Students at Dalhousie University learned how to use potentially life-saving overdose prevention kits at a virtual event Tuesday evening.
The kits contain a special medicine called naloxone, and are for use in case of a suspected opioid overdose.
Naloxone acts by blocking opioid receptors in the brain, stopping the drug momentarily. If given correctly, naloxone can potentially reverse the effects of an overdose, and buy precious time for medical personnel to provide life-saving care.
Around 40 people signed up for the event on Tuesday night, hosted by Dal’s student health promotion manager Jonnie-Lyn Baron.
She delivered instructions on how to use the kit, when and where to give the medicine, and a reminder that judgment has no place in community care.
A naloxone kit contains two vials, each containing 1 ml of medicine. Baron taught students how to draw the substance from the vial into a needle, also provided in the kit. She then taught them how to inject the person suspected of overdosing in their upper arm or thigh.
In Baron’s eyes, naloxone training is important for two reasons: preventing overdoses, and combating the stigma surrounding drug use.
“Many of us have been taught to view people with substance use disorders, or mental health disorders that are associated with them, as criminals,” she said, stating that the public needs to “know better” and “do better” when handling substance abuse.
Nicole Pickett is a student at Dal and a receptionist at the university’s student health services centre. While she hasn’t yet attended a training session, she plans to.
“I think it’s similar to having a first aid certificate, it’s a good thing to have so you’re always prepared, always ready in case the situation arises,” Pickett said.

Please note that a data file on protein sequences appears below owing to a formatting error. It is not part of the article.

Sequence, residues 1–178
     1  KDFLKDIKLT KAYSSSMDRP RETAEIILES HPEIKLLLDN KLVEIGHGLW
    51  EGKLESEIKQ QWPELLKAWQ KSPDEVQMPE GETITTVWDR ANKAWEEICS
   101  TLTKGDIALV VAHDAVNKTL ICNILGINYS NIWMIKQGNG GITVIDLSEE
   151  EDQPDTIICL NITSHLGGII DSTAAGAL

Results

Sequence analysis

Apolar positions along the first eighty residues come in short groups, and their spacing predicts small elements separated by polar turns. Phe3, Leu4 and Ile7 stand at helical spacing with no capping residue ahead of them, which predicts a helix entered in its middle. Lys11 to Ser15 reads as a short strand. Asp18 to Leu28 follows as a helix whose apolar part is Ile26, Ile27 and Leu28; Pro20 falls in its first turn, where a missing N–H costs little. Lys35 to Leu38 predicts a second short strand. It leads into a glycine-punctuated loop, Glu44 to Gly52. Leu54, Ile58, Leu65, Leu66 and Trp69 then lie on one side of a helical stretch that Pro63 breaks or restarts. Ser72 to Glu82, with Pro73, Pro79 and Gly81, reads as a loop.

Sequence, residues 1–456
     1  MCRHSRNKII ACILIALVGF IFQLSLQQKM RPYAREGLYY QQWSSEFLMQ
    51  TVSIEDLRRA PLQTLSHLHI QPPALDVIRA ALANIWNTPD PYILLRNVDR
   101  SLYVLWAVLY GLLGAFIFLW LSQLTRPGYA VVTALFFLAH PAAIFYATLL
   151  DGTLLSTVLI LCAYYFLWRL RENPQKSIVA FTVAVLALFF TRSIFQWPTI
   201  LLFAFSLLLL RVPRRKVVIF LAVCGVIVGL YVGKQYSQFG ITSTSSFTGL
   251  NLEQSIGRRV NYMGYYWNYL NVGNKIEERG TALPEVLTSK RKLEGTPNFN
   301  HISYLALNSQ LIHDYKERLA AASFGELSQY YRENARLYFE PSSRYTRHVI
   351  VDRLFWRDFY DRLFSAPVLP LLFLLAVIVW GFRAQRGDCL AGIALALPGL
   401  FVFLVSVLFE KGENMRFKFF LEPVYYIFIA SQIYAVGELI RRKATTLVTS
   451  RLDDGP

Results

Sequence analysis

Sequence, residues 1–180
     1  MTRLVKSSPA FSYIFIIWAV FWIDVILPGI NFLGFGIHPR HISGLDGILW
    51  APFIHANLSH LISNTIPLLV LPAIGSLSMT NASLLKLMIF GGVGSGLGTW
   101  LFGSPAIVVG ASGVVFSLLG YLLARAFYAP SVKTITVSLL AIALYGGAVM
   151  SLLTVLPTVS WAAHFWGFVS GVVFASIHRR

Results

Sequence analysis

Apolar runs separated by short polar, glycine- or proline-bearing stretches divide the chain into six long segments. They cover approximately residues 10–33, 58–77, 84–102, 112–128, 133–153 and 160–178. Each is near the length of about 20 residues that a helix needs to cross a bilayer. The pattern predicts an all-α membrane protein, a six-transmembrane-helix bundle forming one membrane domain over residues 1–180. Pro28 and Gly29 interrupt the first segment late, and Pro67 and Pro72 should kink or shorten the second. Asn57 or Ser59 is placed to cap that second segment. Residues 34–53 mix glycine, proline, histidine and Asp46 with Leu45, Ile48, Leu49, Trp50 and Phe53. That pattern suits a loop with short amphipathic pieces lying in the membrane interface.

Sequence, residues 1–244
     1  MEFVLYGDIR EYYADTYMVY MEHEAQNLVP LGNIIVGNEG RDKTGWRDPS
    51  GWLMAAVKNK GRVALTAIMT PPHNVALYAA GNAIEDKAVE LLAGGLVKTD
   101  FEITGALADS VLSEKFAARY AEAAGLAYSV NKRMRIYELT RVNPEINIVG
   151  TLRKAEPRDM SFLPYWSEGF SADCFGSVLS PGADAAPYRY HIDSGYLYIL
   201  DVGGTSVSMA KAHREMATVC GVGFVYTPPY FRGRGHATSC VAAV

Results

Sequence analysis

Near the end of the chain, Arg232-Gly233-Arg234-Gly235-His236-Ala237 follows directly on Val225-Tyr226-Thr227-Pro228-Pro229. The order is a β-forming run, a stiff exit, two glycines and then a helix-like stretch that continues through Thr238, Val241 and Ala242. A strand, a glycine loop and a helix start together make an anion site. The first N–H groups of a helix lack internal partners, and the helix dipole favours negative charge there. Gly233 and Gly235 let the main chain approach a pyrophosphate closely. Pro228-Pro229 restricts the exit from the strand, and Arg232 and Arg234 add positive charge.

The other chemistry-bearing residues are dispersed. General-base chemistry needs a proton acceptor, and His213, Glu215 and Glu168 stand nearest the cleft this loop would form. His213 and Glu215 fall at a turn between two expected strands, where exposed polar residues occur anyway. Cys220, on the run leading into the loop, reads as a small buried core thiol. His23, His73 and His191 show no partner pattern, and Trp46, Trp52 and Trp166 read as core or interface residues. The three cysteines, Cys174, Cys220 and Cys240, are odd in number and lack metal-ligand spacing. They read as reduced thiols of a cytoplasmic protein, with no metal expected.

These events help inform the public against stigmatizing drug users, and provide information about how to find treatment for substance abuse disorders, said Baron.
According to Baron, Dalhousie is the only university in Nova Scotia that acts as a naloxone pickup and training site.
Starting in 2019, the naloxone program is part of Dal’s many training sessions focused on providing harm reduction and addressing mental health issues. The training has become increasingly relevant; young Canadians aged 15 to 24 are the fastest growing population requiring hospital care from opioid overdoses, Baron said.
The events began due to requests from students.
“Some resident advisers reached out through Dal, and the take-home naloxone program approached me and asked if we’d like to be a site,” Baron said.
“I just saw the need, anecdotally, and students wanted it (as) a part of that student training piece.”
Originally for student leads and advisers, it eventually branched into being available for all students.
For Pickett, the motivation for naloxone training stems from her friends and community.
“I personally don’t use any recreational drugs, but I have friends who occasionally dabble. I also live in an area where a lot of people nearby have substance abuse disorders,” she said.
“If I ever needed to help someone with an overdose, it’d be nice to be able to.”
The need for naloxone training transcends demographic barriers. Baron believes that everyone should carry a kit, and take a training course. She also thinks the training is for anyone who wants to be a good community member.
Outside of Dal, free naloxone kits can be found at various pharmacies in Nova Scotia. Training is required to get a kit.
Pharmacist Peter Jorna at Nova Pharmacy and Convenience on Coburg Road thinks that educating students at universities is a great idea. His pharmacy also conducts naloxone kit training.
“Yeah, absolutely, because they’re young and they have their whole life ahead of them. If you educate people younger, the more knowledge about this there is going forward,” Jorna said.
Tuesday evening was Dalhousie’s last event for the year, but student health services is planning more events for 2022.